"I was sitting there in Venice, sampling the profit and the investment, thinking, 'Now what am I gonna do?' "
Bradley hustled up enough money to get a room Downtown and checked into Brown's Amer-I-Can program, which he had heard about from a friend. He quit cocaine cold turkey. "It's been seven years since I did cocaine. I never went back to it."
Brown's program directed him to Streetlights in 1992.
The production assistant job, he said, is one "nobody wants to do. But I showed them I would do anything."
In the meantime, he got married and had a son. Success, he said, soon became a priority.
"I wanted to be an inspiration for my son--a role model," said Bradley, who now lives in Inglewood.
He quickly rose through the production ranks, eventually becoming a second assistant director on music videos and commercials. He makes sure the performers have their makeup done and wardrobe in place, rounds them up for the shoot and proofreads contracts, among other tasks.
And he harbors the dream of becoming an executive producer and running his own company. He wants to increase the number of African Americans in the business and help others like himself with a troubled past.
"I never did anything like this before. I get to meet new people. It's cool."
"I was in the eighth grade when I started getting into gangs," said Carlos De La Torre, 20, known as "Critter" in his Highland Park neighborhood.
He got into the gang for the excitement, he said, and "homie love," the camaraderie among members of his gang.
But then he met Father Boyle two years ago and, through his Jobs for a Future program, he started working at its Homeboy Tortillas eatery in Downtown Los Angeles, later becoming a manager.
"Father Boyle was always around, and he asked me if I wanted to do something with my life, and I said, yeah," De La Torre recalled.
Last summer, he attended a Jobs for a Future board meeting, where he met Mary Kay Powell, president of RASTAR productions in Culver City.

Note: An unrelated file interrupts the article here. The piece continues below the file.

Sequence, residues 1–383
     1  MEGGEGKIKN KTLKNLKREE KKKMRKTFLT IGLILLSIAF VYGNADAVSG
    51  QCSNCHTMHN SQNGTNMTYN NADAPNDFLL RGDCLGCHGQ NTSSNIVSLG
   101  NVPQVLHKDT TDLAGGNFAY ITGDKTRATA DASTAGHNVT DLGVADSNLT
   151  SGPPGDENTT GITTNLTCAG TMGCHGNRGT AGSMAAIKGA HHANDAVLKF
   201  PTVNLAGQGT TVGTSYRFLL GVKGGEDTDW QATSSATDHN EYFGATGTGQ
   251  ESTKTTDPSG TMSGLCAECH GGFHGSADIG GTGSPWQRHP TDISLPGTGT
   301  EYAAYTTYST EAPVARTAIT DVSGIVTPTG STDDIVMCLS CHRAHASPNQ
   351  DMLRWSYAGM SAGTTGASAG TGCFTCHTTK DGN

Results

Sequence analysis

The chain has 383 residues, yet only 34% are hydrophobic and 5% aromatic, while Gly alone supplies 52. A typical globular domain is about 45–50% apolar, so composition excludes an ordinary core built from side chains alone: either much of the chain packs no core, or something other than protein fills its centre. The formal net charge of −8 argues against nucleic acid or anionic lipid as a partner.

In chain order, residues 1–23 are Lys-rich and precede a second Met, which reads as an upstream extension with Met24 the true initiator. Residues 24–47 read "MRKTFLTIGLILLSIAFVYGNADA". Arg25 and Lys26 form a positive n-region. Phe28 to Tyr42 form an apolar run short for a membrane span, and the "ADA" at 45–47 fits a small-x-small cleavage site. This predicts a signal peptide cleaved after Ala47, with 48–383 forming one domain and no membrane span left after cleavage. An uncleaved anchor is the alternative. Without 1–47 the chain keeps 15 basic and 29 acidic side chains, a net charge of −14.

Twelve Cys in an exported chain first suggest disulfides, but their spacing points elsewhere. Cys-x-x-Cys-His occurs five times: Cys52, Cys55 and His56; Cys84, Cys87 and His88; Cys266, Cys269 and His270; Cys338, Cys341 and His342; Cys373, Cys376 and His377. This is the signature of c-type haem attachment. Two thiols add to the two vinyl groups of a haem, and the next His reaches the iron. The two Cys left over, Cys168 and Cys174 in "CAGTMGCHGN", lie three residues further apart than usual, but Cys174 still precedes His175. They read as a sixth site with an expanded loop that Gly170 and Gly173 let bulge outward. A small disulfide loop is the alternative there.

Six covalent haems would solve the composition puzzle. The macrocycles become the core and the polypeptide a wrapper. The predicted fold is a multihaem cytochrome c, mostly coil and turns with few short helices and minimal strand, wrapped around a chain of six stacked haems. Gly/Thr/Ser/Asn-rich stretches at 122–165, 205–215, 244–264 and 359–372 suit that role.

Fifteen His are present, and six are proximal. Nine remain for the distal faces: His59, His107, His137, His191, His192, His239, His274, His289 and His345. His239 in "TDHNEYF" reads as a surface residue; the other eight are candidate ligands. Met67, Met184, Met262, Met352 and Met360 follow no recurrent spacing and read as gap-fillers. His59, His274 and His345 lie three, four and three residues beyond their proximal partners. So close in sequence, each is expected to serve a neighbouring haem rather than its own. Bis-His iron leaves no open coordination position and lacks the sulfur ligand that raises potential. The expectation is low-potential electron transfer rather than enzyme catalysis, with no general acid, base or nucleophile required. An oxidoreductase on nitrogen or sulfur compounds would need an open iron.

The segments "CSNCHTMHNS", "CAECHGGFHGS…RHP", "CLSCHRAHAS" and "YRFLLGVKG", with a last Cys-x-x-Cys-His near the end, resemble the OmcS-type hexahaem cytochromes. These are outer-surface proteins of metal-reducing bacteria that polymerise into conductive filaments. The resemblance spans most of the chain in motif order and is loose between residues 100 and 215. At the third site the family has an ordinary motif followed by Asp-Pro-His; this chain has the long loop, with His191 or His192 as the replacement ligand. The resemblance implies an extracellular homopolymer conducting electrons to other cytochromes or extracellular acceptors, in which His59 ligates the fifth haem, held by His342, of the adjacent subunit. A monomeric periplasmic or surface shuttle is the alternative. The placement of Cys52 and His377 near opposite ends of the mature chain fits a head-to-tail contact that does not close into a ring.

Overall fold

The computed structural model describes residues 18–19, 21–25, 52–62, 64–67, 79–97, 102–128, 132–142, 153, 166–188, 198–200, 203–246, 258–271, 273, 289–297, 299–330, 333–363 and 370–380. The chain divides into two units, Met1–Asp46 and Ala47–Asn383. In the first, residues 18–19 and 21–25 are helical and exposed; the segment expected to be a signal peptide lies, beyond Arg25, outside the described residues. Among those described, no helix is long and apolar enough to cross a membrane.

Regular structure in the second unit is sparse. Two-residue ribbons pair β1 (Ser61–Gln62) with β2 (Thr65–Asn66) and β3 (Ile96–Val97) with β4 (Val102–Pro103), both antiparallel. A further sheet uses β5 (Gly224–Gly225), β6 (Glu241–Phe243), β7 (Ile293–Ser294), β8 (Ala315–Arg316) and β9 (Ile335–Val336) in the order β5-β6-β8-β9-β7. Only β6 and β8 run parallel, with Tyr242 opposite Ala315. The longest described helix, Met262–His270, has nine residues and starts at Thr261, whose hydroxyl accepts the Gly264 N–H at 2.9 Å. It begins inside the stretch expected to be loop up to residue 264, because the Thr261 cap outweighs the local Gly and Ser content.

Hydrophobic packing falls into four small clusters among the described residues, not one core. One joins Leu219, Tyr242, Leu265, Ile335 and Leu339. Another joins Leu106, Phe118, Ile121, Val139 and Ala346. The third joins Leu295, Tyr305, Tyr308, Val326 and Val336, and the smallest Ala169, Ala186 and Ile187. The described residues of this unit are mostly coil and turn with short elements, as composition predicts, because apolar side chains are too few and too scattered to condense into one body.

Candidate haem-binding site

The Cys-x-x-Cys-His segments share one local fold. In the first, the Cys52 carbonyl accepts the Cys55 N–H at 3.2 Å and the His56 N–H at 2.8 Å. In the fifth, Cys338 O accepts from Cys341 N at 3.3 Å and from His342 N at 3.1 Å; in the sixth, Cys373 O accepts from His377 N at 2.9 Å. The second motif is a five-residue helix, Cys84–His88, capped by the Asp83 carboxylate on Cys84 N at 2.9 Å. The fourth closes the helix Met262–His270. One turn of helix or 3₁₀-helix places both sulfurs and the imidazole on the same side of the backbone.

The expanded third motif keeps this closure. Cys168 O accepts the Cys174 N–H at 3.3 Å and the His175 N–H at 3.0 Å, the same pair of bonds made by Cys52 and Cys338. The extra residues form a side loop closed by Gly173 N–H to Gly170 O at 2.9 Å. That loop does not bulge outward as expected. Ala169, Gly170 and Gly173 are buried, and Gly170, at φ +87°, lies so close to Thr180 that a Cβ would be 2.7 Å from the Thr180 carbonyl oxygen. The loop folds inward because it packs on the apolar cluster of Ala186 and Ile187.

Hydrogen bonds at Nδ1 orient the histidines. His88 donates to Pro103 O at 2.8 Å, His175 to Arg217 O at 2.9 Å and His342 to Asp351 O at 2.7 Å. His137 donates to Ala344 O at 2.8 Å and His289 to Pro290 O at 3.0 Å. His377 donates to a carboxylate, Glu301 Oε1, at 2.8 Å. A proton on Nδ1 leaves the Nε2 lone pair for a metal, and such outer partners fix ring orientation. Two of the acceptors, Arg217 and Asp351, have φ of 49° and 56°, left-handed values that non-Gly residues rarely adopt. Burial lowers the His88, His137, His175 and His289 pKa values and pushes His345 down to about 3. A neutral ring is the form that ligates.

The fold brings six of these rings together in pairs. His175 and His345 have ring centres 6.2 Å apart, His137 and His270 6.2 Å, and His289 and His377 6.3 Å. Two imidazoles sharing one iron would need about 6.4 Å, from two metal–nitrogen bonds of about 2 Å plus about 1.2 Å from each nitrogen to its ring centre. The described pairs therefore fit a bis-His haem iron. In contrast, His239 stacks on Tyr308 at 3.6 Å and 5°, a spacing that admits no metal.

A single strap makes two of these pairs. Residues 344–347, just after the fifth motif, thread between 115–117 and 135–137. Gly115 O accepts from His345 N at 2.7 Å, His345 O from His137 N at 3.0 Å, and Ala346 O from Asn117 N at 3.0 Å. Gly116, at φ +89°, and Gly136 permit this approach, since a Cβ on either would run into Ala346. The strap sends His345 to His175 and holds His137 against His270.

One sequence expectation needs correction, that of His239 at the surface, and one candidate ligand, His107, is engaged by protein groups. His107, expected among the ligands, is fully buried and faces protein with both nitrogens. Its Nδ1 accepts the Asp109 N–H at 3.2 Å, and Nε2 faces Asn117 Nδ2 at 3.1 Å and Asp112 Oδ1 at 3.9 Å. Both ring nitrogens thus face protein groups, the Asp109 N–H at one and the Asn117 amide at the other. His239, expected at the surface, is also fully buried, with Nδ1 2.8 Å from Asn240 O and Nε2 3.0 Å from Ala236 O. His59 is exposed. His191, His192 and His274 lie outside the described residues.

"I asked Dorothy to take a chance on Carlos," Powell said. "Few employers take a chance on guys like Carlos."
After De La Torre got laid off from Homeboy last summer, he started the production assistant training and was hired by Hollywood Pictures in February.
"I never did anything like this before," De La Torre said. "I get to meet new people. It's cool."
The staff at Hollywood Pictures was wary of De La Torre at first, given his background. But he quickly proved himself.
"He did everything with total enthusiasm, which is rare in this business," said Karen Shaw, a production coordinator at Hollywood Pictures. "Everything I gave him to do, he finished in seconds and was back for more work."
Now a production assistant on the Disney feature, "My Posse Don't Do Homework," De La Torre still lives in the same neighborhood, but he said his work schedule keeps him out of the mix.
"I'm still in the gang, but I'm not active. I'm on the reserve list," he said with a laugh.
His children, a 3-year-old girl and a newborn boy, and his job are the focus in his life now.
Friends in the neighborhood are impressed.
"They say, 'Gimme a job.' And I say, 'Let me get big first. Let me become a studio head. Then I'll get you a job.' "